Imperial fermans or edicts which once symbolized the power of the Ottoman Empire are today not only a source of information for historians, but valued as works of art in themselves, and collectors bid for them in Europe’s famous auction houses. Interest in these long narrow documents with their distinctive up-curving lines of writing and illuminated imperial ciphers has soared in recent years in parallel to the growing interest in Turkish and Islamic art, fuelled by books and major exhibitions such as the Sultan Süleyman the Magnificent Exhibition of the 1980s.
Interest in their appearance rather than content has led to the term ferman being applied for convenience to a whole range of different documents with a similar layout and bearing a tugra (imperial cipher). In fact only some are strictly speaking ferman or imperial edicts, others being berat (warrants of appointment to government posts), hüküm (judicial decisions), emir (instructions to government officials) and so on. In addition to imperial documents of this kind there is another related class of legal and canonical documents which are also collectors’ items, including rulings on religious questions and endowment deeds.
Calligraphy and illumination were the fine arts par excellence in Turkey. Fermans, functional as they were, were at the same time objects of exquisite beauty and a suitably splendid reflection of imperial authority. The Ottomans are one of the rare peoples to have created art in the form of documents, and this is true of the ferman most of all. The word derives from the Persian ‘fermuden’, meaning an undertaking, and came to mean specifically a written command issued by a ruler. The tugra demonstrated that the document emanated from the sultan himself. The early Ilkhanids, Karakoyunlu, Akkoyunlu, Altinordu and Crimean khanates used the term yarlig, the Seljuks the word pervane, and the Memluks the word mevkii for such documents. The earliest use of the word ferman appears among the Ilkhanids after their acceptance of Islam, and this was later adopted by the Ottomans. Decrees issued not by the sultan but by the grand vezir were known as buyrultu.
Official state business had its own calligraphic ‘hand’ known as divani (council script), whose origins go back to mediaeval Seljuk times. However, early Ottoman fermans were sometimes written in other calligraphic hands, such as nesih, rik’a, talik, sikeste, talik, siyakat, nesta’lik, reyhani and islavi, as well as the forms of divani known as celi divani and divani kirmasi. From the reign of Sultan Süleyman the Magnificent, it was the latter two types of divani which came to be used almost exclusively for imperial documents, whether warrant, title deed, deed of patent, or edict. They were written in red, black or gold ink in lines which curved up towards the left margin, and were sometimes sprinkled with gold dust.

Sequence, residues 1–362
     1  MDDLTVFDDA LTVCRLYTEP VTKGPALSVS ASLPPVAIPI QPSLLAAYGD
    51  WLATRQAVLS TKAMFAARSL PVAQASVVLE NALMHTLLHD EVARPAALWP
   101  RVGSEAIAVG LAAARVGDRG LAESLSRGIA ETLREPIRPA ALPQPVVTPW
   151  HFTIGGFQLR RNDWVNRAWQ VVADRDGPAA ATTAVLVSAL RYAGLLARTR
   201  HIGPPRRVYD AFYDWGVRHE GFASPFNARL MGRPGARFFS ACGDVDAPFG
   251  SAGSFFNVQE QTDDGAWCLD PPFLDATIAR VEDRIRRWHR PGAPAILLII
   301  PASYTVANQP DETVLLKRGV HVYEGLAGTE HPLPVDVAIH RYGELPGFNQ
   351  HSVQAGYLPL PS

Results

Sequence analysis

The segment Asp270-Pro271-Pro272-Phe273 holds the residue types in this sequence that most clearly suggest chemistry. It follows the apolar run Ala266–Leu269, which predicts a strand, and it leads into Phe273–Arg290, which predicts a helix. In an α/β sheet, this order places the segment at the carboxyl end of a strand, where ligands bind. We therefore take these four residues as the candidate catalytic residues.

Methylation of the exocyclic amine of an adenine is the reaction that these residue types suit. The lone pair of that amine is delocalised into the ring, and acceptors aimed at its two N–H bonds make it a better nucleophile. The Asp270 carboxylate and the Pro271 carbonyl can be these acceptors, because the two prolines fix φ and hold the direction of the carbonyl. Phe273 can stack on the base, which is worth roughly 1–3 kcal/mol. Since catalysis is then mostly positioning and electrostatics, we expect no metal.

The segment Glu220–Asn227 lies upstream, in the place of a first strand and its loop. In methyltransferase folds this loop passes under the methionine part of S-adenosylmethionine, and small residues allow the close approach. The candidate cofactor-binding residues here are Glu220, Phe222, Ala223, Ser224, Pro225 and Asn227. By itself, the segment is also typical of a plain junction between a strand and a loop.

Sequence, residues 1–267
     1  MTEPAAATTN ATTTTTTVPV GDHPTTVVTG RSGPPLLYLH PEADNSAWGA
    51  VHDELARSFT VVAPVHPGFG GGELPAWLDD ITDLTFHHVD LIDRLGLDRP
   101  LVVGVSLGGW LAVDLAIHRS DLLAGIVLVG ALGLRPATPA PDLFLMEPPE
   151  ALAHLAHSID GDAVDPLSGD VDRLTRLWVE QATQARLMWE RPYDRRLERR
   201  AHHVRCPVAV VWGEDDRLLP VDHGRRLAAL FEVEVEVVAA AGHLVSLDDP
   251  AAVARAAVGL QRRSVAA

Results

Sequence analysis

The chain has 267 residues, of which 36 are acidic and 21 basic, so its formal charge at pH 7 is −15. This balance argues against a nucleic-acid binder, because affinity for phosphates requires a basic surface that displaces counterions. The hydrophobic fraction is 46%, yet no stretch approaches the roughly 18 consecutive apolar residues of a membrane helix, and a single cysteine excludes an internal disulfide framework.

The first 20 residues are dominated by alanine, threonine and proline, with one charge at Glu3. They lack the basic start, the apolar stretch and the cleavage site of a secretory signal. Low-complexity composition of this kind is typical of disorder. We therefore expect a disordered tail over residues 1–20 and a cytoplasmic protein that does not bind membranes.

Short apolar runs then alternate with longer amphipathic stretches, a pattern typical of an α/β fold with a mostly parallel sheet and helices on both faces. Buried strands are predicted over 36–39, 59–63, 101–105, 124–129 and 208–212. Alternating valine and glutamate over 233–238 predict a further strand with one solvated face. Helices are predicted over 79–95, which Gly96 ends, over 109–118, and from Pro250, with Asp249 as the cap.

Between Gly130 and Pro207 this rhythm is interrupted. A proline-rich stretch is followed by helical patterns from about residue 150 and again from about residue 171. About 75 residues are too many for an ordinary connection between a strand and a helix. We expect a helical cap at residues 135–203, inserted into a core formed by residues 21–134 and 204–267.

The earliest example of an Ottoman tugra appears on a vakfiye (endowment deed) dated March 1324 belonging to the second Ottoman sultan Orhan Gazi (1324-1360). The sultan endowed his estates in Mekece, a district in the province of Kocaeli, for the construction of a hankâh or dervish lodge which was to provide accommodation and food to the local poor and destitute, and to passing travelers.
The tugra is set at the top of the document, and the first and second lines of the text explain to whom the deed is addressed and the purpose of the document respectively. Then follow detailed instructions, an exhortation to carry them out, an invocation for the success of the undertaking and a prayer. Finally there is the date and a reference number. After documents had been drawn up a summary of their contents was recorded in the registers of the Council of State before the tugra was added with the sultan’s approval. Then it was delivered to the recipient. The word hüve, meaning God, was always written above the tugra as a reminder that God is greater than any man, even the sultan himself.
While the abovementioned endowment deed of Sultan Orhan was the earliest Ottoman ferman, the last are those issued by Sultan Vahdettin (Mehmed VI) in 1922, the final year of his reign. Illumination of Ottoman fermans began during the reign of Sultan Bayezit II (1481-1512), and became increasingly ornate from the reign of Süleyman the Magnificent (1520-1566) when the tugra achieved its zenith in aesthetic form and decoration. With the expansion of the empire over three continents, fermans reflected the political and economic strength of the empire in the abundant use of gold in the text and the tugra. The tugras of this period are decorated with superb designs of the type originating with the illuminator Kara Memi.
From the reign of Murat III (1574-1595) onwards it became customary for the sultans to add an exhortation such as ‘let the necessary be done’ or ‘may this be signed by the vezirs’ to one side of the tugra or above its shafts, in cases where the document was of particular importance or a subject in which the sultan felt a personal interest. Fermans of this sort were known as ‘hatt-i hümayunlu fermanlar’ or ‘hatt-i hümayunla müvessah fermanlar’ (fermans bearing the handwriting of the sultan). Due to their rarity these are among the most valuable of all. Very occasionally a berat is found with such an endorsement in the sultan’s handwriting.
Calligraphy played a role in Turkish culture comparable to that of figurative painting in the West. It was appreciated for the aesthetic power of its composition and the masterful execution of its strokes, as well as for the meaning expressed by the words themselves. So if today, like paintings, fermans are framed and hung on walls to be enjoyed, this is no discrepancy but something the people who wrote and read them at the time would understand perfectly.
by Dr. R. Sertaç Kayserilioğlu